Work(out) from home

As gyms closed and exercise classes ground to a halt during lockdown, the pandemic has meant many of us have moved our workouts from the gym to the home. But for many no gym = no workout and some of us are struggling to get enough exercise.

With a plethora of home workout videos, classes and fitness plans available online, working out from home has never been easier.

Why is it so important to keep our bodies moving? 

If an active person stops being active, changes happen to both the body and mind:

  • A sedentary lifestyle can potentially cause changes to the brain, which in turn can affect our memory and emotions. Studies have shown that regular exercise can offset age-related memory loss and stabilise our moods.
  • Your endurance and stamina will deteriorate. After stopping regular exercise for just two weeks, your previous capabilities dramatically drop.
  • You may experience a gain in body fat and a decrease in muscle mass.
  • Your blood pressure may increase.
  • Your muscles will start to deteriorate. As muscle atrophy sets in, you will also begin to experience problems with your joints and ligaments. The older you are, the faster this will happen.
  • Your energy levels may start to drop. The more regularly you exercise, the higher and more stable your energy levels are. The more lethargic you become, the more sluggish you feel.

How can I get back into exercising? 

The easiest way to re-introduce an active lifestyle is to consider the options most accessible to you. For the majority, the outdoors and a makeshift living room space are the primary alternatives.

Here are some ways to make the most of what you’ve got and incorporate exercise back into your life:

  • Work it into your daily routine. Set aside a slot of time before or after your working day, or even at lunchtime. It can be as few as 15 minutes or up to an hour, but once it becomes another essential element in your schedule, you will soon see the benefits!
  • Attach it onto another habit. Research suggests that patterns are easier to form when they are associated with something we already do, for example, a mini workout whilst waiting for your coffee to brew or stretching whilst waiting for your bath to run. For longer exercise times, apply this to your daily habits or routines; turn walking the dog into a running with the dog.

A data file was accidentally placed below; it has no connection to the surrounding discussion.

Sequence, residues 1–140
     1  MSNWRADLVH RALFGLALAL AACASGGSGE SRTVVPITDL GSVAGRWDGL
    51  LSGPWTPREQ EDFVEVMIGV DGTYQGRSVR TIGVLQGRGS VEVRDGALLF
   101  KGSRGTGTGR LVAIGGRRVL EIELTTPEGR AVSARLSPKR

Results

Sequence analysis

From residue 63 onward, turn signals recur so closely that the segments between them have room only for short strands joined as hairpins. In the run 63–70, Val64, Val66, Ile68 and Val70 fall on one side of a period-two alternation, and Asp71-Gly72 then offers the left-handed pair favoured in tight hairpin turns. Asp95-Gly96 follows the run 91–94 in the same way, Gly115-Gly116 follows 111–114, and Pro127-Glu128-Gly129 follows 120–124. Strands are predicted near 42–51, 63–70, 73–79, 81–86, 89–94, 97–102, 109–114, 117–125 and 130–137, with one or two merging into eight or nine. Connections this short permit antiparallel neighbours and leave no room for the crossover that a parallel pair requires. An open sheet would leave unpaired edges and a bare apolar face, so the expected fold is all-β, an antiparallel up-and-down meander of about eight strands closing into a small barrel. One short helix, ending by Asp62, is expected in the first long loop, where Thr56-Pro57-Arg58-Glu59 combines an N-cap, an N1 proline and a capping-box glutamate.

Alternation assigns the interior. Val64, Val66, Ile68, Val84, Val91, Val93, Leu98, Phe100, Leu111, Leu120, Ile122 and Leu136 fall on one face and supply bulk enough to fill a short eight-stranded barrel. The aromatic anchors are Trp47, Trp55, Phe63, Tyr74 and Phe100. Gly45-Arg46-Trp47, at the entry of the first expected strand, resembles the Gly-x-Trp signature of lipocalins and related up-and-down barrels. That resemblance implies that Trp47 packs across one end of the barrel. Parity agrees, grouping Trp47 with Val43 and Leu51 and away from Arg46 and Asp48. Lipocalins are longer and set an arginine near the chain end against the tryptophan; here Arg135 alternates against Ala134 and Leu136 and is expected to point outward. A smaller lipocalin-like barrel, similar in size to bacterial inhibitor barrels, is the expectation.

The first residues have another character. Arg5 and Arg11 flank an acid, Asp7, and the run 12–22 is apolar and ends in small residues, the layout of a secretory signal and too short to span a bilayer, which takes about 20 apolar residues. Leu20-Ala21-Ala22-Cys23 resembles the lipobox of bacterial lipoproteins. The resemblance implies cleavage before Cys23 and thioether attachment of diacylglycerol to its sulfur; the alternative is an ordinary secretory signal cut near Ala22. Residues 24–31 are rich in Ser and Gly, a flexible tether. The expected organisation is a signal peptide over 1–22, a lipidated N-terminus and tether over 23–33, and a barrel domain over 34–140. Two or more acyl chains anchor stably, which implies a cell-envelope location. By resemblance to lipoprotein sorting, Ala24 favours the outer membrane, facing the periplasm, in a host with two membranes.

• Be kind to yourself and don’t guilt-trip yourself into working out. Your body will take time to adjust back into a routine. Don’t burn yourself out and associate exercise with negative hard work.
  • Make a mental note of the rewards you feel after exercising and write them down – starting is the most challenging part so remember how good your body and mind will feel after the endorphin release.

What’s the best home workout for me?

  • The no equipment necessary workout. For those with limited space, equipment and time, high-intensity interval training (HIIT) 15-minute to 45-minute workouts are a godsend. YouTube is your best friend for these, from the likes of Joe Wicks to BKBooty Fitness, there’s something for everyone. Lots of videos also find creative ways to use what’s around the house – from furniture to tins of soup, but make sure you’re following health and safety rules with these!
  • Jump back into exercise. For a workout that will delight your inner child, a routine with a mini trampoline is the one for you. Using a mini trampoline will improve balance and stability, whilst also providing a low-impact solution to exercising. They are easy to purchase online and allow for extensive and fun versions of squats, twists, lunges etc. Or just for an energy-releasing bounce!
  • Stretch it out. For a more meditative approach to working out that focuses on the mind too, try Yoga. From beginner classes to power Yoga, all you need is an exercise mat, and you’re good to go. Yoga holds many benefits for all ages, so you can work your way up through online videos and attending classes on Zoom.   
  • All motivation needed. If starting is your biggest obstacle, consider purchasing a fitness plan or contacting a personal trainer. If you have a set time and date, or you have paid for something, you are much more likely to commit.

Times are tough, and it’s easy to forego working out and choose a glass of wine on the sofa instead. But maintaining an exercise routine is vital for our physical and mental health. Your future self will thank you!

If you’ve tried working out at home, but given yourself an injury, or if you’d like some advice on getting your strength back come and see one of our Osteopaths. They’ll be able to advise what’s best for you and your body. Just call 020 8316 5316 to book your appointment.